17 U.S.C. § 1 19(d)(1 0)(B) (permitting waivers of unserved household restriction).

DIRECTV were to provide local signals in Helena, it should be able to provide distant signals for missing affiliates there without regard to stations in Great Falls, Butte, and Missoula. If it did not provide Helena local signals, by contrast, it should not be permitted to take advantage of streamlined rules in that market. This, DIRECTV believes, would provide yet another incentive to offer local service — including local digital signals — in places like Helena. III.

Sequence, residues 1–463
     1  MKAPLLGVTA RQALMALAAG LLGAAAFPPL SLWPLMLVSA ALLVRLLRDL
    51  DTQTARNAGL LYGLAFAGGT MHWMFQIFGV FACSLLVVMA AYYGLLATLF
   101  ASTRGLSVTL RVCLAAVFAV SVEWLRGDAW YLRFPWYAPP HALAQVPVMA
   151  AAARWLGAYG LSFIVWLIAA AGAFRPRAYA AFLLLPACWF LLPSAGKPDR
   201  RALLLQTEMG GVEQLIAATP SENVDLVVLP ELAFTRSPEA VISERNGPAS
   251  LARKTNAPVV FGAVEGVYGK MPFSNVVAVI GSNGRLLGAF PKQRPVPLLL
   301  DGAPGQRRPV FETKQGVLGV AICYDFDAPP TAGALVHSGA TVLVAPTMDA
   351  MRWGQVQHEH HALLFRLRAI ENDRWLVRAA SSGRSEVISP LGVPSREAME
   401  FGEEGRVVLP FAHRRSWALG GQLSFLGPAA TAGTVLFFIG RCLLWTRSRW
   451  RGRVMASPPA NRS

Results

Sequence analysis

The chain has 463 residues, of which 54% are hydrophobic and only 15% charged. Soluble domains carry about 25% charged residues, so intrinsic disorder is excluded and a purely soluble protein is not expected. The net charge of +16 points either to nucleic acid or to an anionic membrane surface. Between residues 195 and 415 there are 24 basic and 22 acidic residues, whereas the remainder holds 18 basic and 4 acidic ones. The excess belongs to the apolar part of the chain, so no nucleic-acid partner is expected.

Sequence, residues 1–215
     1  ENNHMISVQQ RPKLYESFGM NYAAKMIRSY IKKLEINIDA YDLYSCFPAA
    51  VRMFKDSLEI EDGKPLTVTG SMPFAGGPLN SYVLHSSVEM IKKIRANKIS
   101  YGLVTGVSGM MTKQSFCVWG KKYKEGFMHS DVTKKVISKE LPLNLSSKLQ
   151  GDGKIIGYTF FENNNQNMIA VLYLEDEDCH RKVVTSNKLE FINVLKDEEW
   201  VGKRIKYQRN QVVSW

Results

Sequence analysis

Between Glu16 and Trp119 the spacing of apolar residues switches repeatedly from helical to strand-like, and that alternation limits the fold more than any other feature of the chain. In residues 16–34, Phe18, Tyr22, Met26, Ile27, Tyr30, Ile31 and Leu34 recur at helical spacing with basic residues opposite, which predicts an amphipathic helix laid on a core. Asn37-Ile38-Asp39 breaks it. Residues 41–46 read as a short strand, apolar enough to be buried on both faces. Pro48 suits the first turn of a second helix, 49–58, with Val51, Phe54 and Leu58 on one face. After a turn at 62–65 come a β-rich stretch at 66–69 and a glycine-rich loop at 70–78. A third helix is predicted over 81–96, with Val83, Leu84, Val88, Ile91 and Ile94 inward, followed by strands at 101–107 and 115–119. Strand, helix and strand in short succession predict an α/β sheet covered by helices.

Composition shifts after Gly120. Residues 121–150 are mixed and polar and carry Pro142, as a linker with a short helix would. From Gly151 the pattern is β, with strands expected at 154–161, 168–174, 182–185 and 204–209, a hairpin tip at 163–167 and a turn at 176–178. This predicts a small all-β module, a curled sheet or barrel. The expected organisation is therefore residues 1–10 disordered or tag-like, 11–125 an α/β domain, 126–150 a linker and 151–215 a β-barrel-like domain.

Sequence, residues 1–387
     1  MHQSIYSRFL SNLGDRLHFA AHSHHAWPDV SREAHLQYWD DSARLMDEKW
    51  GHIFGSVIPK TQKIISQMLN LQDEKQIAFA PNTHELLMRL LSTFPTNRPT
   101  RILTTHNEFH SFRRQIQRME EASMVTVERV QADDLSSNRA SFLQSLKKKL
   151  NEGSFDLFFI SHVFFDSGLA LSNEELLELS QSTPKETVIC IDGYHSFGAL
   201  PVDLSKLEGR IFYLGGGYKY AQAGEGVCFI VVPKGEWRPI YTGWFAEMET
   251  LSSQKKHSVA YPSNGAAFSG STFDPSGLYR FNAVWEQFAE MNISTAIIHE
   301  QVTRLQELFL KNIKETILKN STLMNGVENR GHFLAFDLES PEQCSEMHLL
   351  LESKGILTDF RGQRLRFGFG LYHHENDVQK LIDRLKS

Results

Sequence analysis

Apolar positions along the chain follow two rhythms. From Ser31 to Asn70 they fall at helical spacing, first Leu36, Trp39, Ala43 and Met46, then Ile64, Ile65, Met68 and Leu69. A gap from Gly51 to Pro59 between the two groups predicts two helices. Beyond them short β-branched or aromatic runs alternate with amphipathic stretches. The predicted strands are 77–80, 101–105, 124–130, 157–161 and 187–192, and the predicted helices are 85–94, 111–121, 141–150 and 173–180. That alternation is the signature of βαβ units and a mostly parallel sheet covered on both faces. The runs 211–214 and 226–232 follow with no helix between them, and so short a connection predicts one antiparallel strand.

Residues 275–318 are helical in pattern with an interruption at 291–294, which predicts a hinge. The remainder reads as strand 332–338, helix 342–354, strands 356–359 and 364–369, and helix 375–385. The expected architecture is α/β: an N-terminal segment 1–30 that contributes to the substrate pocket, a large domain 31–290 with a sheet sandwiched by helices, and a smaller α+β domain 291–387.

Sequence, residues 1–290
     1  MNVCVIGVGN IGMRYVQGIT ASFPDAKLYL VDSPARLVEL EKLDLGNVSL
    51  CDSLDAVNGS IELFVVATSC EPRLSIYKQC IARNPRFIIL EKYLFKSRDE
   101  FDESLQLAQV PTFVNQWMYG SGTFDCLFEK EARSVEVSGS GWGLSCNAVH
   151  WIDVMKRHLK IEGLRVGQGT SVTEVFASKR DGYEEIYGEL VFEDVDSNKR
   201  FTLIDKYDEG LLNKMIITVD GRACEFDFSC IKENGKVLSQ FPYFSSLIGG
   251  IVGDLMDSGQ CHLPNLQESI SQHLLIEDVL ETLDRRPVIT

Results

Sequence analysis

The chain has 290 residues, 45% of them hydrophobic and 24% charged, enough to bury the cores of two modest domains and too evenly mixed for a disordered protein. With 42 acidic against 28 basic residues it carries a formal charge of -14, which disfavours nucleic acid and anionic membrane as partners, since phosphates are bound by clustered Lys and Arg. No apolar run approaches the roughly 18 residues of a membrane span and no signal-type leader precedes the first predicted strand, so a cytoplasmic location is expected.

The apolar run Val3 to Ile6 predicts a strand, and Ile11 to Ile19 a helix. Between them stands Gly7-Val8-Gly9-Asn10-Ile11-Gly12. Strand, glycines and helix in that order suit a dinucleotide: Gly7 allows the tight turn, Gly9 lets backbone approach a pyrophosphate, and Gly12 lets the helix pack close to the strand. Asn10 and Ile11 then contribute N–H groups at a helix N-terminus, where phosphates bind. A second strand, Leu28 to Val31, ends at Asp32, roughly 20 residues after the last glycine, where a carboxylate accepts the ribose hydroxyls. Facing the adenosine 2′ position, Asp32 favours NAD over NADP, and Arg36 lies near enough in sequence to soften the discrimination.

The statutory license for satellite distant signals is undeniably important to each consumer that depends on distant signals. But, by any reasonable measure, the license is becoming less and less important to the industry as a whole. Thus, while Congress should make minor adjustments to the license to ensure that no consumer is denied the opportunity to receive network programming, there is no urgency to substantially overhaul the license. This is not to say that the license is perfect, or that the two changes discussed above are the only ones that could improve its operation. Satellite operators have identified problems with the statutory license for years. 26 But DIRECTV knows that copyright holders, broadcasters, and other stakeholders could also identify what they perceive to be shortcomings in the statutory license — and that those shortcomings would be very different from the ones identified by DIRECTV. In such circumstances, any